Mortgage Loans Or Student Loans? How Sallie Mae Is Using Taxpayer Money To Prey Off Of the Nation’s Most Economically Vulnerable

Early last week, Sen. Warren sent a letter to the acting director of the Federal Housing Finance Agency (FHFA), Ed DeMarco requesting information on Sallie Mae’s misuse of a line of credit it receives from the Federal Home Loan Bank (FHLB).

The $8.5 billion line of credit, which Sallie Mae is able to borrow from at an interest rate of 0.23% -0.34%, is intended to be used as a means to finance home mortgage loans thereby bolstering banking support of the housing market.? ?However, as Sen. Warren asserted in her letter,

?? (The) line of credit to Sallie Mae, a huge, highly leveraged, publically traded corporation that does not seem to originate any real estate mortgages, but that is the largest provider of student loans in the country.

?These private student loans are offered at interest rates significantly higher than the rates that Sallie Mae has to pay in order to borrow the money from the FHLB in the first place.? More specifically, according to Sallie Mae’s own website, private student loans are currently being offered at a rate of 3.17%-9.37%, an interest rate 25 to 40 times higher than the rate Sallie Mae is borrowing from the taxpayer.

Shortly after Sen. Warren sent the letter, Sallie Mae representatives quickly released a statement that

?The FHLB facility has no bearing on our private education loans or the Sallie Mae Bank cost of funds

However, according to a press release from Sen. Warren’s office, Sallie Mae’s claim ?directly contradicts language from the publicly-traded company’s recent corporate filings.?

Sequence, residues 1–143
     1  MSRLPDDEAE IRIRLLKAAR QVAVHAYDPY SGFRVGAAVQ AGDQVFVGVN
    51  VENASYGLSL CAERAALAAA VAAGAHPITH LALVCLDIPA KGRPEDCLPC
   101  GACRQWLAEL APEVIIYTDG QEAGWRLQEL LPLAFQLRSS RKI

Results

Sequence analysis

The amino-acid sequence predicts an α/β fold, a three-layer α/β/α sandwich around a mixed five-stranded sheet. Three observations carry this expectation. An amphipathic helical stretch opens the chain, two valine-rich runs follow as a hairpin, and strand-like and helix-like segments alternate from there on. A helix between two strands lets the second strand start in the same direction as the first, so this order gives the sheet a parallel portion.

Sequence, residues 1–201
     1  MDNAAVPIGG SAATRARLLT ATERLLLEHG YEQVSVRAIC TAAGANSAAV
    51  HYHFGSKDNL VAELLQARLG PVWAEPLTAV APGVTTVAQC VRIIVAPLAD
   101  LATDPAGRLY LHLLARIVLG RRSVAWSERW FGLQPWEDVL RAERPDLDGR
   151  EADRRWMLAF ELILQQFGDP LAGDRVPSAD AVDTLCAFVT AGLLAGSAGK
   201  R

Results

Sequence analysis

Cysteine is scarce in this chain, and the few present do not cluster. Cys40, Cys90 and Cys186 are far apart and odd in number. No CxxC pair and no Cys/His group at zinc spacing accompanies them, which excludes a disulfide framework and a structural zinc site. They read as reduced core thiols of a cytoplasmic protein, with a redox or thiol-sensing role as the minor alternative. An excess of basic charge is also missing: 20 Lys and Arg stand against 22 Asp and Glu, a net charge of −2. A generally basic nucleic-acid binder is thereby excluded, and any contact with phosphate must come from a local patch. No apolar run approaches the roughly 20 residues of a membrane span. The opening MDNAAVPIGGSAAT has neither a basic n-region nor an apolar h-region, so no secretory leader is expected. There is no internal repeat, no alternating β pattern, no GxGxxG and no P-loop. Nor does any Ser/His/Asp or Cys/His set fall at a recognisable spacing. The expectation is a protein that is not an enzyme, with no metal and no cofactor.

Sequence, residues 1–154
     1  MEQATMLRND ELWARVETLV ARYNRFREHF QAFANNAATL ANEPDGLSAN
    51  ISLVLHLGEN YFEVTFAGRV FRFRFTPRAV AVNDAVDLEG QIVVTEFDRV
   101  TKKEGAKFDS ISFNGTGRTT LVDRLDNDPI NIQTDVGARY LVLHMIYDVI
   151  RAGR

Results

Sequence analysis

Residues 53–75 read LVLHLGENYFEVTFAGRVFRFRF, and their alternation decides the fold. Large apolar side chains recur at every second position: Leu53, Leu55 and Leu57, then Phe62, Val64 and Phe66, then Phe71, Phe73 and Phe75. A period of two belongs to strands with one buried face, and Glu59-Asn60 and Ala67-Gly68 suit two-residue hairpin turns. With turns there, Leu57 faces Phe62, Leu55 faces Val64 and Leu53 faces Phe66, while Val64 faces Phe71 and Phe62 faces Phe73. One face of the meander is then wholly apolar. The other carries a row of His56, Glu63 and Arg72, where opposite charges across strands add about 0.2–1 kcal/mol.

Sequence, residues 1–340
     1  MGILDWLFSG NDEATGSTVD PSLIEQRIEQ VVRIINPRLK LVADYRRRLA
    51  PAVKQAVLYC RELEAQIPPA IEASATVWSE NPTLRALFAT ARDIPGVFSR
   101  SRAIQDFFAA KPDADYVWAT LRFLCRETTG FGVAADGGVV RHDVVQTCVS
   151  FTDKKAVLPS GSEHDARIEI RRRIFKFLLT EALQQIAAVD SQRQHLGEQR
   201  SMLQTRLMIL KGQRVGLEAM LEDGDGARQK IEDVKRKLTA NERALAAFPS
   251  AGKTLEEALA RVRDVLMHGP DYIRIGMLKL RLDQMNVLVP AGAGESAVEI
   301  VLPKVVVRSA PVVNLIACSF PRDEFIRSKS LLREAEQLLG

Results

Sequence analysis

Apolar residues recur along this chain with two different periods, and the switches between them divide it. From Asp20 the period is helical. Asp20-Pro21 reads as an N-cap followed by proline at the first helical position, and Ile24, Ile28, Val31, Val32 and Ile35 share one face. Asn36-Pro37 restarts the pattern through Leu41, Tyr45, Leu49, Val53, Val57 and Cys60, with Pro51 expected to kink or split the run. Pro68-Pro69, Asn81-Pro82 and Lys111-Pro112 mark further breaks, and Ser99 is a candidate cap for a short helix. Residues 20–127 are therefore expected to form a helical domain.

Sallie Mae’s top brass recently met with students at their headquarters in Newark, Delaware.? During the meeting students discussed’ debt relief, interest rate reduction, and a reformed process for loan term extensions.??CEO Jack Remondi showed little sympathy for the plight of current or recent graduates present at the meeting when he said,

Today it’s a lot easier to borrow substantial funds and get yourself in trouble. But if we loan money and you don’t pay us back, how do we pay our bills?

Few are struggling harder than recent college graduates these days.? Almost immediately upon obtaining their degrees, college graduates are strapped with seemingly insurmountable debt coupled with staggering interest rates. The recent college graduate also faces the daunting task of finding a full-time job (including benefits) in a stagnant job market, further exacerbating an already difficult situation.?Student loan debt is estimated to exceed $1 trillion, $160 billion of which is?owned by Sallie Mae.?Since Congress was unable to come to an agreement to prevent student loan interest rates from doubling,?current students are likely to pay?hundreds to even thousands more in addition to the debt they have already accumulated.

Edited and published by CB


Jonathan (Jon) Coffey is a freelance writer and a native Texan. A graduate of Texas State University, Jon holds a B.A. degree in Public Administration with a minor in History. Jon describes himself as a "New Deal Democrat," in the style of Franklin D. Roosevelt, though he is also an ardent fan of Teddy Roosevelt, a Republican. A former legislative aide to State Rep. Trey Martinez Fischer of District 116 (San Antonio), Jon aspires to become a full time writer and possibly running for office someday at a state or local level. He is an avid student of history and an ardent fan of the University of Texas Longhorns. Jon currently resides in San Antonio, Texas.